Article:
The Chain Of Collaboration
In the modern era of globalisation, the choice is simple: either an enterprise collaborates today or it may flounder tomorrow. No industry understands this better than Logistics.
By Winifred Tan
“The logistics industry is both competitive and collaborative,” says Associate Professor Tan Yan Weng, Head of the Logistics and Supply Chain Management Programme at SIM University.
“In any industry, competition is the driving force behind creative innovation. Yet the logistics industry also thrives on collaborative relationships along the supply chain – from supplier to manufacturer to wholesaler to retailer and so on – to get products moving from the point of production to consumption.”
Tapping thoughtfully against his chin, Yan Weng adds, “Collaboration is therefore key to driving the logistics industry in today’s increasingly challenging business environment”.
Logistics in Singapore
With over 25 years of experience in both the private consultancy and educational sectors, Yan Weng has witnessed the ebb and flow of the logistics and supply chain industry in Singapore.
It is only in recent years, he says, that businesses have started focusing on logistics as a source of competitive advantage. Leveraging on its strategic location between the East and West, Singapore is well-positioned to deliver sustainable logistical solutions and capitalise on growing global trade.
Today, Yan Weng is heartened to see the multi-billion dollar industry finally realising its potential, contributing about 9% of national GDP and employing some 180,000 professionals at all levels.
“According to the 2010 Logistics Performance Index, Singapore was ranked second out of 155 countries, just behind economic powerhouse Germany and ahead of many other developed nations,” he enthuses.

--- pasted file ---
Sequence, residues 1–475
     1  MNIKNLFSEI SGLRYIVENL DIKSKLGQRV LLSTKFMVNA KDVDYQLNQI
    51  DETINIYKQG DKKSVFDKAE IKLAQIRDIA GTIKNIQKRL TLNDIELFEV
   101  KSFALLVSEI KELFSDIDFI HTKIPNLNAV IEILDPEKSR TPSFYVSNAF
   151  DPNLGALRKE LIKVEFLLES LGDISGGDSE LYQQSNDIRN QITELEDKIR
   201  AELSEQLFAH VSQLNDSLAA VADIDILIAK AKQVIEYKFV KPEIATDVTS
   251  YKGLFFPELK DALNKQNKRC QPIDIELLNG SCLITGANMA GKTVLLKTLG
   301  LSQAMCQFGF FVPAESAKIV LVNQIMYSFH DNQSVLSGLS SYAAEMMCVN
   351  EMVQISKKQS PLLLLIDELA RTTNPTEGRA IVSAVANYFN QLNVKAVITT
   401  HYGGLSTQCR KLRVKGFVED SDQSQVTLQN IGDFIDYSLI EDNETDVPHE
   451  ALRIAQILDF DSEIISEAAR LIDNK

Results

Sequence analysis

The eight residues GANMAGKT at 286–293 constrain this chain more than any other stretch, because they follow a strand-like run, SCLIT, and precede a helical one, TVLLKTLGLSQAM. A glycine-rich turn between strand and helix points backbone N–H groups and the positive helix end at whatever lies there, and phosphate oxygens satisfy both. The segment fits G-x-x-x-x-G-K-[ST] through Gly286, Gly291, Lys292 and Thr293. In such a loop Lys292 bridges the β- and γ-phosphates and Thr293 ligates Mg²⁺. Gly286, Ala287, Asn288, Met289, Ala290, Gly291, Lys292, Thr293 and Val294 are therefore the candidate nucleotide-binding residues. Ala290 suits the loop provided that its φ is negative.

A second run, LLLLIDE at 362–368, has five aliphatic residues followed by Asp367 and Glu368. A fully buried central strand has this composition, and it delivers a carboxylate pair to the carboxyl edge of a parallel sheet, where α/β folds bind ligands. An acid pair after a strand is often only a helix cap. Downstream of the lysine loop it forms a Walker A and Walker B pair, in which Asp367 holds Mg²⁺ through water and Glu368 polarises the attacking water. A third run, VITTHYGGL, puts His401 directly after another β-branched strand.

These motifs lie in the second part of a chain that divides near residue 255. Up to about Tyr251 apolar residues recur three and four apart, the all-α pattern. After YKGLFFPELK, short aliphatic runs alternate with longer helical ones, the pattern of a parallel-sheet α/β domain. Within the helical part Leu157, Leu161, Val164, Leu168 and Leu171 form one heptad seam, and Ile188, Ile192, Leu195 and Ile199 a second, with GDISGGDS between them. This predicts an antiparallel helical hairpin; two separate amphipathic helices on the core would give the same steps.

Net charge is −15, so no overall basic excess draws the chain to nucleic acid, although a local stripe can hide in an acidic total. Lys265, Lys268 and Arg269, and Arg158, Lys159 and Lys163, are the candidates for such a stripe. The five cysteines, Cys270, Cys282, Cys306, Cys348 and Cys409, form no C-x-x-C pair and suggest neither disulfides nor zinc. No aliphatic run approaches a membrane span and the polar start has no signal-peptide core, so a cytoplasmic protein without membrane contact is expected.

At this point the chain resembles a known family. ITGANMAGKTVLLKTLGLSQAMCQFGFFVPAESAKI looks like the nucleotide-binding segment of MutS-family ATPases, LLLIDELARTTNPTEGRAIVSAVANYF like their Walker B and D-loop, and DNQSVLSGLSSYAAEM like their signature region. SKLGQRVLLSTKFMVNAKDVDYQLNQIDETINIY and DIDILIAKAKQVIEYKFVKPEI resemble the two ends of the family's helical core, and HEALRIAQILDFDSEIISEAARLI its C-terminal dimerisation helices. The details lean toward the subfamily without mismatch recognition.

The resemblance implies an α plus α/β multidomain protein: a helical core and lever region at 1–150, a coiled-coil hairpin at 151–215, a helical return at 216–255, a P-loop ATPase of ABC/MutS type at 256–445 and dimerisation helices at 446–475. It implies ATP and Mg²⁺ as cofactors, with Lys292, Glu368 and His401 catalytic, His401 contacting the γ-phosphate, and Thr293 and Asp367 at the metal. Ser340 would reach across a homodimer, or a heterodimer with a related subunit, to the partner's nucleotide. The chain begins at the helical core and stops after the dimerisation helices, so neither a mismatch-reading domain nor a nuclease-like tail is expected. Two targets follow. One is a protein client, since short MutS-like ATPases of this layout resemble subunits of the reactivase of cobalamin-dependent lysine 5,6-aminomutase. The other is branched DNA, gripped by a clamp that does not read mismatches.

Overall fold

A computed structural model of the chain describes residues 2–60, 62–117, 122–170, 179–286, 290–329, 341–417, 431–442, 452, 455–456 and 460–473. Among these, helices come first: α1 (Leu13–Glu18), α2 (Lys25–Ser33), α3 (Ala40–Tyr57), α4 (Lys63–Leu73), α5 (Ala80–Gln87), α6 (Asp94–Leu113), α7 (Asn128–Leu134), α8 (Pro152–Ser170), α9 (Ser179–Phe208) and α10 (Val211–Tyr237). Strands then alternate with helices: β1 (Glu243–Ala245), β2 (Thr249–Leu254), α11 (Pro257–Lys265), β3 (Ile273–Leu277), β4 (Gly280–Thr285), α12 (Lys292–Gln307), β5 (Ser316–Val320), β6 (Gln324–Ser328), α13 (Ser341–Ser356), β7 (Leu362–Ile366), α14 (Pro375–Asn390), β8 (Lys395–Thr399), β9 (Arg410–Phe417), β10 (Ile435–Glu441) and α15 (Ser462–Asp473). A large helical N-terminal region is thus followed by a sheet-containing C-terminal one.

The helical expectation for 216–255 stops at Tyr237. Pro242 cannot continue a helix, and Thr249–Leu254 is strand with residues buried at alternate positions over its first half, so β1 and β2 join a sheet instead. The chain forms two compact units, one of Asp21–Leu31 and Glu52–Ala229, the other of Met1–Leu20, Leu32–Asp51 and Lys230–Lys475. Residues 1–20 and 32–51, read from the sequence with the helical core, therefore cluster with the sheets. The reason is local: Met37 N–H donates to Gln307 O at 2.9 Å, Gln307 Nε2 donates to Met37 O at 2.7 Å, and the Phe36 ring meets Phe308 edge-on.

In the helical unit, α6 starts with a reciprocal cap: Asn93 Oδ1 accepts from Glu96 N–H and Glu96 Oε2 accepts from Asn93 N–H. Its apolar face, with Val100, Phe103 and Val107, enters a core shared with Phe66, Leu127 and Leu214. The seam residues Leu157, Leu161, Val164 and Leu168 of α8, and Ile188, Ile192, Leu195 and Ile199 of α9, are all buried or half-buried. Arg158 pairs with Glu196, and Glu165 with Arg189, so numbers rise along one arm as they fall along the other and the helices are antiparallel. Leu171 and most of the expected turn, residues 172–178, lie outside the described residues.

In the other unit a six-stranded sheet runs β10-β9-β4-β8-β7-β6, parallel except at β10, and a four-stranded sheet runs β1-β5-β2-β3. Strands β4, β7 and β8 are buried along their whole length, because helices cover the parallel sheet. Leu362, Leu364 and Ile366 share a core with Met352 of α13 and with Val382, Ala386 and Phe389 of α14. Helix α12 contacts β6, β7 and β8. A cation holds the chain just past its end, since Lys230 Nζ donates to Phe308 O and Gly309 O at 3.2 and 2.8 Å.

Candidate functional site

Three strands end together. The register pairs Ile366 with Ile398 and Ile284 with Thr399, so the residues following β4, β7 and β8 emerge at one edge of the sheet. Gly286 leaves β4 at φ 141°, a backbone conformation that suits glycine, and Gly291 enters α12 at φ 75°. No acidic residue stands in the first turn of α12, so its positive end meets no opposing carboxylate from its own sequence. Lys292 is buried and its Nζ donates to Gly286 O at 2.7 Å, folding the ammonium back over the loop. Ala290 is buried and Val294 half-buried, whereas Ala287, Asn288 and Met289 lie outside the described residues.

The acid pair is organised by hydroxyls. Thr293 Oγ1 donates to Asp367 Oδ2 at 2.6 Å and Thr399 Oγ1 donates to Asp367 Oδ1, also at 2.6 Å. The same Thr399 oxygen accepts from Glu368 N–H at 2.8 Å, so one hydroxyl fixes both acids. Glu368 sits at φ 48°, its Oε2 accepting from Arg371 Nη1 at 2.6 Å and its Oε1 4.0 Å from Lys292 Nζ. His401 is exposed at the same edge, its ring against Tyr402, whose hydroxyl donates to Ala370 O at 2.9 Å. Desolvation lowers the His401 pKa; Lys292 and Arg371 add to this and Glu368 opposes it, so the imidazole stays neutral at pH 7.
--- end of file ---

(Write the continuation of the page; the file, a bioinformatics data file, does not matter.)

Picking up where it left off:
“This is a fantastic achievement for a small country like ours. It demonstrates our commitment to develop Singapore into a leading global integrated logistics hub.”
Developing human capital
To meet the growing needs of the logistics industry, the Singapore Logistics Association (SLA) has partnered with SIM University to launch the first undergraduate programme in Logistics and Supply Chain Management to be offered by a Singapore university, which Yan Weng is currently heading.
Targeted at working logisticians who are keen to upgrade their skills, the programme offers a blend of theory and practice to ensure industry relevance.
“We bring in speakers from the industry to share about latest developments, conduct public seminars jointly with SLA, and organise site visits so that students can get up close and personal with industry players,” Yan Weng explains.
Judging by the overwhelming response to the programme, it is clear that the younger generations of practitioners also share Yan Weng’s passion for the logistics field.
“The logistics industry spans different functional areas within companies and across industries,” he says with a smile. “It might not be as glamorous as Finance or Banking but it offers solid opportunities for competent team players who are excited about managing relationships within the often complex and intricate supply chain network.”
The rapid expansion of the logistics industry also means different types of problems. Companies have to be ready to pick up the gauntlet of tackling these challenges.
“This is the era of globalisation,” he elaborates. “The customer in today’s marketplace has become more demanding, not just in terms of product quality but also customer service. Logisticians thus have a vital role to play in delivering such customer-oriented service.”
So how would Yan Weng sum up a career in the logistics industry?
“It’s about collaborating with the right partners to get the right product, in the right quantity and right quality, delivered to the right place, at the right time for the right customer at the right price,” he concludes.